Hannah Rothschild contains multitudes. In addition to formerly serving as chairwoman of London’s National Gallery, she’s also an active philanthropist, documentary filmmaker, writer, and Commander of the British Empire. Her first book, 2012’s The Baroness—later adapted by Rothschild into a television film called The Jazz Baroness—explored the life of her fascinating great-aunt Pannonica, who left behind a title and family to move to New York and become a lover, patroness, and muse to the jazz musician Thelonious Monk. Since then, Rothschild has focused her gimlet-eyed observations on sending up the British aristocracy: Whether in her lacerating and award-winning satire of the art world, 2015’s The Improbability of Love, or her more recent comedy of manners House of Trelawney (2020), Rothschild’s gift for portraiture and willingness to turn anything (and anyone) into a joke make her a joy to read. But it isn’t all laughs: The books take place nearly a decade apart, capturing both the 2008 economic crash and the Brexit referendum through the eyes of a single family. In both, Rothschild deftly navigates the private moments, intimate discussions, and tragedy that befall the Trelawneys.

Recently, Vogue spoke to Hannah Rothschild, author of the forthcoming High Time (out July 11 from Knopf), which again reunites the reader with the Trelawneys, about who would play her deplorable, Trump-like villain Thomlinson Sleet; her favorite way to read; and so much more.

Vogue: Tolstoy began Anna Karenina with a now famous dictum about unhappy families. Can you tell us about the Trelawneys and why you’re revisiting them?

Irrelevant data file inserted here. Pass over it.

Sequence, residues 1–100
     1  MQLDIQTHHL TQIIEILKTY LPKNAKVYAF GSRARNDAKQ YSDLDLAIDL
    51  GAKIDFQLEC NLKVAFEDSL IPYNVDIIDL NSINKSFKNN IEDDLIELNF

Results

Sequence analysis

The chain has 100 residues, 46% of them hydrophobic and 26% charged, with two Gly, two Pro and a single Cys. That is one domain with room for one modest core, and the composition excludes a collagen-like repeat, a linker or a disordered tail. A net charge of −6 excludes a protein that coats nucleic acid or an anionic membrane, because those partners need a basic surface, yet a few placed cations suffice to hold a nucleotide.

Hannah Rothschild: The Trelawneys are a wildly dysfunctional, loveable, eccentric, and impoverished British aristocratic family who are better at spending money than making it. When we first meet them, in House of Trelawney, there are three generations living together in a dilapidated Cornish Castle. I was loath to say goodbye to the wonderful characters and thought that Ayesha, the devastatingly smart, beautiful, and unworldly illegitimate daughter was worthy of a novel in her own right.

I’m sure more than a few readers have wondered if the Trelawneys are based on your own family. Can you confirm or deny?

All writers beg, steal and borrow from their own backstories. Let’s put it this way: My family still has a roof over its head and we are—generally!—on speaking terms.

Both House of Trelawney and High Time are set primarily in Cornwall. What significance does the locale hold for you?

Cornwall’s beauty hits the visitor with a walloping punch. Perhaps it’s because it’s a bit of land falling off the end of England, perhaps it’s the air or the people, but there’s a romantic, unworldly otherness to the county that’s hard to let go.

High Time

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